The first shipment of supplies has arrived to people stranded by Cyclone Gita in the Golden Bay area.
State Highway 60, which crosses Takaka Hill, is the only road in and out of Golden Bay and has been closed since Tuesday afternoon due to slips and washouts.
Drone footage shows parts of the road have been washed away and there are 16 slips along the route. It is expected to take several days before it is re-opened.
The supplies arrived at Port Tarakohe in Golden Bay this morning and were taken to Fresh Choice in Takaka, the only supermarket in the area.
A second barge will arrive at 3pm.
Fresh Choice Takaka manager Anthony Tait said the items that came in this morning were from an order that was meant to come in yesterday morning on a truck.
"It is not the essentials, but we had the opportunity to bring it in on a smaller barge, so we took that.
"A larger barge with more essential items will be coming in this afternoon."
The order will include essential items like milk, cheese, bread, pasta, canned goods toilet paper and personal hygiene products.
"Yesterday morning everybody went into panic mode, buying up everything they could and clearing the shelves out. It was mayhem.
"We are hoping that people just buy what they need this time. We will be able to keep shipping items in as we need them."
A Civil Defence spokesman said they were working to enure a regular supply continued by sea as long as required.
A state of emergency remains in place as the Tasman region deals with the impacts of Cyclone Gita.
Civil Defence response teams will be checking on residents door-to-door today.
The limited fuel supply in Golden Bay is being managed with a $30 fuel per vehicle per day restriction in place.
Arrangements have been made for emergency services and their volunteers, contractors working on the recovery, medical staff and other key personnel to adequate access to fuel.
Arrangements are also under way to confirm future fuel deliveries by barge.
Local commercial air operators are still running services for those who want to fly into or out of Takaka.
As the road to Totaranui is open, there are also commercial options for leaving Golden Bay by boat.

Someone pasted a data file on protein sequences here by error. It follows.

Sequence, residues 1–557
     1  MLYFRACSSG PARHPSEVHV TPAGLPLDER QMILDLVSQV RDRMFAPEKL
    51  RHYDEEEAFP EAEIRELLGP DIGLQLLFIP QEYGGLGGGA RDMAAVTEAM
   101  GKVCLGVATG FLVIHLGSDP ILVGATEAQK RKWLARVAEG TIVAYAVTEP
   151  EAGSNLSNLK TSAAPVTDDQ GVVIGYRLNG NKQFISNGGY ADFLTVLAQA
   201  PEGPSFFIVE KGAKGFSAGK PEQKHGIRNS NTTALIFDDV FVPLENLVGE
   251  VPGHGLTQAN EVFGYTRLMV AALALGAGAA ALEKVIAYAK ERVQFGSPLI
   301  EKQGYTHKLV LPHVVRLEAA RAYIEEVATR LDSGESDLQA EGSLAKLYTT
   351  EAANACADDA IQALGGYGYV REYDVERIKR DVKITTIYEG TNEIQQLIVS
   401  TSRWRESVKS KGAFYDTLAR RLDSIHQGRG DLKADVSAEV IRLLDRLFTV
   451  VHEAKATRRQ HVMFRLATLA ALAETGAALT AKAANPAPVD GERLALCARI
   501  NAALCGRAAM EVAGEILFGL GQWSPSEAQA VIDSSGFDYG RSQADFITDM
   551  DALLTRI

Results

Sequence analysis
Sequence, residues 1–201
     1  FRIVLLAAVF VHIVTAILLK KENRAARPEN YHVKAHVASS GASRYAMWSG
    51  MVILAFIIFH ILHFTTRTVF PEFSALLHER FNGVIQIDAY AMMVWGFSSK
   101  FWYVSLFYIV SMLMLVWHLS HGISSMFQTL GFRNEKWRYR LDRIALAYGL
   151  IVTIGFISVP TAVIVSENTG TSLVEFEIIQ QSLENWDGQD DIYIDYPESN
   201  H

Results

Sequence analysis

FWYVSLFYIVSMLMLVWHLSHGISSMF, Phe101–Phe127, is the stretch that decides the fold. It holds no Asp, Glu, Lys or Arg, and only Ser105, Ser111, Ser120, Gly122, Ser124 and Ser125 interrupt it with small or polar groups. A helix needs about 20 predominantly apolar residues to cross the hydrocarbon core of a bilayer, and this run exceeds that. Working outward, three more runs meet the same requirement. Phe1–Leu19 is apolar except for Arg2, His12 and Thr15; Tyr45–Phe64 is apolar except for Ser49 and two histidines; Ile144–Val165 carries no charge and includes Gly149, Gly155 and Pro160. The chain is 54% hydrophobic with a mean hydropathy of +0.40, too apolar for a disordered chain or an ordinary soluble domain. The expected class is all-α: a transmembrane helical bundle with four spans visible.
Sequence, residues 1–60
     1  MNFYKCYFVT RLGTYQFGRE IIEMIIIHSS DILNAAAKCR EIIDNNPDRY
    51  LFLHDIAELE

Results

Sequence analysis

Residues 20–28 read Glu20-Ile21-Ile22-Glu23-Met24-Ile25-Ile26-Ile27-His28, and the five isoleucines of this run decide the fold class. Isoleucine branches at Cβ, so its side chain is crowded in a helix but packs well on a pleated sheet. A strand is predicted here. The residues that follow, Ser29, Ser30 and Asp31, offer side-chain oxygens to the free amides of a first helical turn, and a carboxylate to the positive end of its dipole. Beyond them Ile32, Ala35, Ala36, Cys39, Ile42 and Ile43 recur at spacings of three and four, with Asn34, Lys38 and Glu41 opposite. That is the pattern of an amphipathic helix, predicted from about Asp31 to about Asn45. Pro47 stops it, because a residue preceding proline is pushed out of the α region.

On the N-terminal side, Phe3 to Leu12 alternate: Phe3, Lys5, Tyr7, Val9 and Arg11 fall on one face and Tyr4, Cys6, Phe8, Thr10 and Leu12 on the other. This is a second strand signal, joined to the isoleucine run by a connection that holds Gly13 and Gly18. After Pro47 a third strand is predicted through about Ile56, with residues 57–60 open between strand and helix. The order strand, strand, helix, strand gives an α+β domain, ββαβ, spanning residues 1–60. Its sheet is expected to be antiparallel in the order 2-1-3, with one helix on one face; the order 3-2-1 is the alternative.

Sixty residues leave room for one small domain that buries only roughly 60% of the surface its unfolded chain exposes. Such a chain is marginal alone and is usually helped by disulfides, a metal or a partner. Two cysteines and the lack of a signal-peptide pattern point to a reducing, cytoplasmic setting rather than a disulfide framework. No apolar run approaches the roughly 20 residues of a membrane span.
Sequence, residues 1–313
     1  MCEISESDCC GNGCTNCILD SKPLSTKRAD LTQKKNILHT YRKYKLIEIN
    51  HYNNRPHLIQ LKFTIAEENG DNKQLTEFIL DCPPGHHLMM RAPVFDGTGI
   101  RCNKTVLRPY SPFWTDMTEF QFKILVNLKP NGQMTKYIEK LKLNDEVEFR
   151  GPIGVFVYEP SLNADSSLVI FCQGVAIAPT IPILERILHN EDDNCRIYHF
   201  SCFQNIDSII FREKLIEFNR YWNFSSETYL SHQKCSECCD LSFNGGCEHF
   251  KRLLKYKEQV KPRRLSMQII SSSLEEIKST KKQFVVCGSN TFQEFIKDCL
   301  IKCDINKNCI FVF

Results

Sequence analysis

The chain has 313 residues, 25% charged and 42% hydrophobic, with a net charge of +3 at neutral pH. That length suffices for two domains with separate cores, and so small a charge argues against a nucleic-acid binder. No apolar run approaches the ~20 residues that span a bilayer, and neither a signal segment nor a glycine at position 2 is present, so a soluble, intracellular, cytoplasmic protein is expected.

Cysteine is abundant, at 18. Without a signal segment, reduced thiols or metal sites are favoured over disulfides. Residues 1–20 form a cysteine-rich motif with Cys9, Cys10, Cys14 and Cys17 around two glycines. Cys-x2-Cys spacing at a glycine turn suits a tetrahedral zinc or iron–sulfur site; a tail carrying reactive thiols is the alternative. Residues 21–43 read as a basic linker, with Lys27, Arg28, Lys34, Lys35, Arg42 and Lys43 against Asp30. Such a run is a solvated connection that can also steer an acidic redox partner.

New Plymouth water crisis
New Plymouth shops are running out of bottled water as crews work around the clock to repair a pipe damaged by Cyclone Gita.
A tree fell during the cyclone and damaged the district's main water supply pipe.
The break has cut water supplies to homes and businesses in eastern New Plymouth and towns east of the city.
People in New Plymouth, Bell Block, Waitara, Tikorangi, Lepperton, Onaero and Urenui have been urged to save water as much as possible.
Residents are being asked to only use water for drinking - after boiling it for one minute - and flushing the toilet.
All big water users have been asked to stop using water and there is a total ban on using water for gardens or outside washing.
All New Plymouth high schools were closed on Thursday, and most primary schools in the district are also expected to be closed.
New Plymouth District Council (NPDC) staff and volunteers hit the streets on Wednesday night distributing letters to around 26,000 properties from New Plymouth to Urenui with an update on the water situation.
The New Plymouth District Council is repairing the pipe, north of New Plymouth, and investigating alternative water supplies.
"The repair crew will be working 24/7 until the pipe is fixed, after which we'll flush the pipes of sediment and refill the water system," a New Plymouth District Council spokesman said.
"We're also investigating the feasibility of connecting to two alternative water supplies, as a back-up to the main repair."
Water from the tankers have been provided in critical areas.
District Health Board head Gillian Campbell said services at the hospital were running as normal.
Patients and staff at Taranaki Base Hospital were given clean drinking water last night and a water tanker will be used to maintain a clean supply to the hospital.
Inpatient and outpatient services are not affected.
Power still out for some in Taranaki
More than 5000 Powerco customers were still without power - 4900 in Taranaki - following damage from Cyclone Gita.
Winds up to 140km/h brought down dozens of poles and lines overnight Tuesday.
Some of those properties may still be without power by the end of the day and the company is using a helicopter to survey the extent of the damage.
Powerco Network Operations Manager Phil Marsh said at the height of the storm, there were about 26,000 Powerco customers without power.
"The field crews are working really hard but we understand the frustration of people who have been without power for close to two days now," he said.
"Extra crews have been brought in from throughout the North Island to help but there are some areas, particularly Eastern Taranaki, where damage is still being assessed.
"We know there are poles and wires down and we are using a helicopter to establish the extent of the damage."
Marsh said people with damaged service lines should register it on the Powerco website.